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Banksters: Customers’ perception depends on avoiding negative publicity,

Posted by on in Bankers A Law Unto Themselves
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“Continued improvement in bank customers’ perception will depend largely on the big four avoiding any further negative publicity, as we have seen that Westpac, the CBA and most recently ANZ have all suffered major setbacks in customer satisfaction following negative market announcements,” says Norman Morris, industry communications director at Roy Morgan Research."

--NAB customer satisfaction rating reaches record high but home loan customers not any happier: Roy Morgan

NAB’s customer satisfaction rating lifted 0.7 percentage points to 80.3% in September to reach the highest score for a big four bank since Roy Morgan began researching customer attitudes to the banks in 1996.

The bank’s customer satisfaction rating has improved by 3.8 percentage points over the past 12 months to be the “clear market leader” among the big four banks.

However, NAB’s rating is due to the satisfaction of its non-home loan customers ( up 5.2 percentage points over the past 12 months), whereas its home loan customers had a decline in satisfaction of 1.4 percentage points over the same period – despite NAB maintaining its promise of offering the lowest standard variable rate of the major banks.

All the major banks improved their ratings over September as customer satisfaction with the banking sector as a whole improved for the third consecutive month to 79.4%.

Despite the positive trend shown by the big four banks, they still lag far behind the satisfaction levels of their smaller rivals, with an average satisfaction rating of 77.3% compared with 84.1%.

The best performers among the smaller banks were bankmecu (93.7%), Heritage Bank (90.7%), BankSA (88.7%) and Bendigo Bank (87.6%).

Over September, the Commonwealth Bank matched NAB with a 0.7 percentage point increase to 78.5%.

Westpac recorded the biggest monthly increase of 1 percentage point to reach 75.7% to rank third of the big four, with ANZ improving by 0.5 percentage points to a satisfaction rating of 74%.

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Roy Morgan says the improvement in Westpac’s customer satisfaction rating was mainly due to an improvement in September in satisfaction among its home loan customers.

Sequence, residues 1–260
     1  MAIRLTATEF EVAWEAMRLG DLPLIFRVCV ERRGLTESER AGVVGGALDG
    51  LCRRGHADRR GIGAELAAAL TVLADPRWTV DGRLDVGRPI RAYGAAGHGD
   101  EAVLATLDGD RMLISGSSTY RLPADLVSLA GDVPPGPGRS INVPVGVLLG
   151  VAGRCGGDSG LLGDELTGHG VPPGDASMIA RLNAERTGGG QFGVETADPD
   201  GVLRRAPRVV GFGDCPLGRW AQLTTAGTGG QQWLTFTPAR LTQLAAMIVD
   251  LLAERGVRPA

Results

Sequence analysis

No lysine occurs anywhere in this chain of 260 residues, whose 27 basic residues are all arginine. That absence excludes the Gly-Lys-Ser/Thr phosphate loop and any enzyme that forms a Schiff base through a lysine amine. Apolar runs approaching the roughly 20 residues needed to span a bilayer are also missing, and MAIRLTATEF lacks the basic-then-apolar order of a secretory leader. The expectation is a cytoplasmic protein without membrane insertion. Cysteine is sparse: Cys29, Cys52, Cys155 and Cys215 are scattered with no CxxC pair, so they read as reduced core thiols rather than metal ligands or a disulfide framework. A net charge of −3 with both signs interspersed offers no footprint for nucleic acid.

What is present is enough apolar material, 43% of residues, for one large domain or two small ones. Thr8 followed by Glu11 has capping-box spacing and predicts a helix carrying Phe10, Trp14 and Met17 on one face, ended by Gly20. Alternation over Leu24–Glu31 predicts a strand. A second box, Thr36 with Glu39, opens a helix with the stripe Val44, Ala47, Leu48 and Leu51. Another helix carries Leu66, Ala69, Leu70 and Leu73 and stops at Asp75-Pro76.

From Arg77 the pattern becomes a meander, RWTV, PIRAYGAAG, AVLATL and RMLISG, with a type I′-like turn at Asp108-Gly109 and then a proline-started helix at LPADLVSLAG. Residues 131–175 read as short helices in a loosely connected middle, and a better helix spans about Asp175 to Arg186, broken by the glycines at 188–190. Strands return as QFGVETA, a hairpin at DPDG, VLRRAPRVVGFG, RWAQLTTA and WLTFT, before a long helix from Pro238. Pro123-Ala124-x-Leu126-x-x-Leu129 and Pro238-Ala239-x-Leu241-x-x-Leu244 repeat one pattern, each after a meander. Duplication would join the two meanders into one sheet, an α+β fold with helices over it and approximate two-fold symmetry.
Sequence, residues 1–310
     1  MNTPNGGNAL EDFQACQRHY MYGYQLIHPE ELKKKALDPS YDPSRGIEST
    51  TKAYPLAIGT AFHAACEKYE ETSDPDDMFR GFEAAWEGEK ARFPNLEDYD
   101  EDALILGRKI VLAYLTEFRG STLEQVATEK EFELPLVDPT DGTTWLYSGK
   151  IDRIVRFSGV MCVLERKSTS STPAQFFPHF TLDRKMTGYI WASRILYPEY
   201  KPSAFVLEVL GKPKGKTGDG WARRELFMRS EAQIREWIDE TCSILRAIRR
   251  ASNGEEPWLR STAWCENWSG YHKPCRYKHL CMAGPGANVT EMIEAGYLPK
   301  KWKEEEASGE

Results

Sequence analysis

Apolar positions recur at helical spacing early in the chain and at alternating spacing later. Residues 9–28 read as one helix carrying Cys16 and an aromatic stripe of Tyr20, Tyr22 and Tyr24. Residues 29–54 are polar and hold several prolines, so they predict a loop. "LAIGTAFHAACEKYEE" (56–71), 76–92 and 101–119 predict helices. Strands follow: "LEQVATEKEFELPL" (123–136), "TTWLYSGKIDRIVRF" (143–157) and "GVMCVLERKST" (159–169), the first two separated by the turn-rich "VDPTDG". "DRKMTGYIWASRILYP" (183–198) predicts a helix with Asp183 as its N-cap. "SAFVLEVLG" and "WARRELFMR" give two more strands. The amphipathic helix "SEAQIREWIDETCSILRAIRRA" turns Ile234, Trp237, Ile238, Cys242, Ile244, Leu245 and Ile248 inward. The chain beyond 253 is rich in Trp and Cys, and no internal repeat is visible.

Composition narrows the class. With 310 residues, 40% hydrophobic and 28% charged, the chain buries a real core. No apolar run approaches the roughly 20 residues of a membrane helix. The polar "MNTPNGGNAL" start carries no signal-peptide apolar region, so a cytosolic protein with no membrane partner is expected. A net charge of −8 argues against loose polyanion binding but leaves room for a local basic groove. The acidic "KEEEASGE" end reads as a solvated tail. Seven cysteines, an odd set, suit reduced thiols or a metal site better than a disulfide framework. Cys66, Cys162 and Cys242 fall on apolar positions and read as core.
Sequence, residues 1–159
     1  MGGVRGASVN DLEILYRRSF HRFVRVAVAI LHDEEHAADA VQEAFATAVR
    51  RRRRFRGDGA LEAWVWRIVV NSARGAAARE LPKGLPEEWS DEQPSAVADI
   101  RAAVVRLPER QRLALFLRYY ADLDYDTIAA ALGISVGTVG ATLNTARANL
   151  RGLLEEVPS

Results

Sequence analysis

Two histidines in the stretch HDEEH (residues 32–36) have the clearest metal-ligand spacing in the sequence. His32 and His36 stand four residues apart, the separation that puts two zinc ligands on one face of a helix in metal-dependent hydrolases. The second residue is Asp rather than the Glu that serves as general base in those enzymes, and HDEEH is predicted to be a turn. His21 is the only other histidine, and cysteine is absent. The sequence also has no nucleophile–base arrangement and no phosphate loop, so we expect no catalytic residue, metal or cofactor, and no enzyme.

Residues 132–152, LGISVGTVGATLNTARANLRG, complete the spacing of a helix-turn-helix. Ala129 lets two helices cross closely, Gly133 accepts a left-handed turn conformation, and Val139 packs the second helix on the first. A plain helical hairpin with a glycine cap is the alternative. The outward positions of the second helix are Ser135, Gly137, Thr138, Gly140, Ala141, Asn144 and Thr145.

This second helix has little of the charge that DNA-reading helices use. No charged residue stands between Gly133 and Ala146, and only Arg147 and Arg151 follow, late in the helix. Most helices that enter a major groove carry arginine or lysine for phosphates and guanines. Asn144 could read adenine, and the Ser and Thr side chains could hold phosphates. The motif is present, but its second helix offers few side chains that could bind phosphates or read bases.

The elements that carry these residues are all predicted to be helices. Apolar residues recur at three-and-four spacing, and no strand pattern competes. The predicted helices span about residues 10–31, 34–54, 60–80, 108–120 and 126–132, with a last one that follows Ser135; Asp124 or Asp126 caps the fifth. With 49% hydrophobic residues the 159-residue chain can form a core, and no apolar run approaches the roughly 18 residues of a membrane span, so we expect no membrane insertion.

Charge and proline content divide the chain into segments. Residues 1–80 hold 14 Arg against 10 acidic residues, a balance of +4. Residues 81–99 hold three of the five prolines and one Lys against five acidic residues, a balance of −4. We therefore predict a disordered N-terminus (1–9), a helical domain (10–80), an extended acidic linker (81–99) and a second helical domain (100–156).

Home loan customers still remain less satisfied across all of the major banks compared with non-home loan customers, presumably due to the banks' policy of not passing on full rate cuts.

“Recent reductions in home loan rates should improve satisfaction levels among borrowers but this can also be impacted by any negative perceptions if the full rate drop is not being passed on,” notes Roy Morgan.

“Continued improvement in bank customers’ perception will depend largely on the big four avoiding any further negative publicity, as we have seen that Westpac, the CBA and most recently ANZ have all suffered major setbacks in customer satisfaction following negative market announcements,” says Norman Morris, industry communications director at Roy Morgan Research.

“The big four have arguably set their satisfaction target a little low by focusing almost exclusively on how they rank against each other rather than against their smaller competitors who are perceived as performing much better in terms of customer satisfaction and have considerable combined market strength.”

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  • doyla66
    doyla66 Thursday, 25 October 2012

    "Negative market announcements" impacting customer satisfaction?
    Don't they mean "adverse media reports" and "increasing awareness of improper conduct by banks over a long period of time" coupled with "serious oversights by Australian regulators" and "downright moronic answers from regulatory chiefs in public places" ?
    Customer satisfaction is actually surveyed from their customers so if their customers lack "satisfaction" with their bank its up to that particular bank to lift their game or risk losing that customer.
    Maybe the banks would like to explain how external events could directly impact that, when they apply more thought and less spin?
    Don't blame Europe or the GFC for their customers switching banks.
    Maybe the bank investments aren't producing the ROI that investors wanted (especially their US bank shareholders) but the external environment is something that would be impacting all banks to some degree. It's a fact of life in Banksterland - just like exorbitant executive payments, palatial accommodation for their offices and showing off with overseas staff rewards, while putting off staff in favour of cheaper slave labour overseas. All their own work.
    I just can't believe they are so thick!
    Or that they think Joe and Josephine Public are so stupid that they will believe the guff from the Bankster PR people!
    Avoid negative reporting - more spin and gloss, like the government?
    I guess even Banksters have to learn the hard way.... :D

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